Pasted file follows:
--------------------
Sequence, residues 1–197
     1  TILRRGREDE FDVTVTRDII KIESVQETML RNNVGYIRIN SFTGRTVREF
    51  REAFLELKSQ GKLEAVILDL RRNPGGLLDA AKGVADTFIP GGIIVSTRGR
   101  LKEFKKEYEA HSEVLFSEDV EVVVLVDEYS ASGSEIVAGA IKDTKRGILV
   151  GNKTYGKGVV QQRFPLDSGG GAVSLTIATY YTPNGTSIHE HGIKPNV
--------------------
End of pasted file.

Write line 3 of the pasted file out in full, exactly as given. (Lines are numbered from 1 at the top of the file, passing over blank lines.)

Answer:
    51  REAFLELKSQ GKLEAVILDL RRNPGGLLDA AKGVADTFIP GGIIVSTRGR